Persona Non Grata
‘Don’t Move A Mussel; It’s The Law’
September 15, 2012
Recently, “about a quarter of the boats showing up at Lake Powell with quagga mussels have been in violation due to mussels’ being attached to the anchor,” Tom McMahon, invasive species coordinator for the Arizona Game and Fish Department, said.
McMahon added that boaters coming from lakes such as Pleasant, Mead, Mohave, and Havasu that are infested with quagga mussels need to be conscientious about taking legally required proper precautions so they don’t move these invasive mollusks to an unaffected water, such as Powell or Bartlett Lake.
“It’s essential that boaters clean, drain and dry their boats each and every time they go BOATING anywhere, any time. Unfortunately, there are lots of aquatic invasive species that might hitchhike to another water on your boat or trailer,” McMahon said.
However, he added, those BOATING in waters listed as having aquatic invasive species, such as quagga and zebra mussels, by law must follow the prescribed decontamination procedures.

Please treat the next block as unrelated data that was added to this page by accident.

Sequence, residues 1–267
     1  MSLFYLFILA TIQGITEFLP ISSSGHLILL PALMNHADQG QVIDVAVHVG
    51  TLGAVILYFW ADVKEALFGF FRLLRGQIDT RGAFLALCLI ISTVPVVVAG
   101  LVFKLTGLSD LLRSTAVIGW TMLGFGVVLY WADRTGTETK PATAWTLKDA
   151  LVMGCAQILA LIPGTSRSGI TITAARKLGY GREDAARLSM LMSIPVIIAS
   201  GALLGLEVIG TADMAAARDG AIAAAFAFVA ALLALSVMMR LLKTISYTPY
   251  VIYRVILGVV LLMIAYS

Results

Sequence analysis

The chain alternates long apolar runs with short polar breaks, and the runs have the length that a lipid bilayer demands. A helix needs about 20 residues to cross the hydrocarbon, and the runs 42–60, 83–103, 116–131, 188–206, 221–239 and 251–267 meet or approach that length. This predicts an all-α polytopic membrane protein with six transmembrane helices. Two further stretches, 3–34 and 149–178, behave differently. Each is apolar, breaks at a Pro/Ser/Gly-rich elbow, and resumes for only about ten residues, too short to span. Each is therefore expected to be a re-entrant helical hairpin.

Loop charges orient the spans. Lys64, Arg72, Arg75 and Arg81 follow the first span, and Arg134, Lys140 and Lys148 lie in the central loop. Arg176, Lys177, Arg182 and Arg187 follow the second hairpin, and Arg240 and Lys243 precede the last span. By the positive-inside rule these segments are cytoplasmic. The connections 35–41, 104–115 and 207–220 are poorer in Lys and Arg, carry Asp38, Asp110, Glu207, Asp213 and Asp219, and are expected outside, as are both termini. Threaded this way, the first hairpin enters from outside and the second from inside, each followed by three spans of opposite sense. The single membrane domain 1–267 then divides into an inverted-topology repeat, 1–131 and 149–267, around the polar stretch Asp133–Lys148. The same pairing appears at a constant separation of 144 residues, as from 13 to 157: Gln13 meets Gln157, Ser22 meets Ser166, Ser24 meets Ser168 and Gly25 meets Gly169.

“Quite simply, it is against the law in Arizona to transport quagga or zebra mussels and those found doing so can and probably will be cited,” McMahon pointed out.
For the most part, those legally required procedures are simple and straightforward.
Three Steps To Clear
Before leaving the vicinity of an aquatic invasive species listed water, such as Pleasant, Mead, Mohave or Havasu, the law requires that you —
Step 1: Clean and remove any clinging material such as plants, animals and mud from anchor, boat, motor and trailer.
Step 2: Pull your plug and drain the water from the bilge, livewell and any other compartments that could hold water. Also be sure to drain the water from the engine and engine cooling system.
Step 3: Ensure your watercraft and equipment are allowed to dry completely and out of the water for a minimum of seven days.
For more detailed information, check out http://www.azgfd.gov/ais.
“We’ve been asking boaters to clean, drain, and dry their boats for years. It’s just a good practice to not only protect our precious water resources, but also to protect your own BOATING investment. Most boaters have been pretty understanding and cooperative,” McMahon said.
Now when they boat at waters listed as having aquatic invasive species, such as Mead, Mohave, Havasu, and Pleasant, this is required by law. As McMahon tells everyone he contacts to remember, “Don’t Move a Mussel — Now It’s the Law.”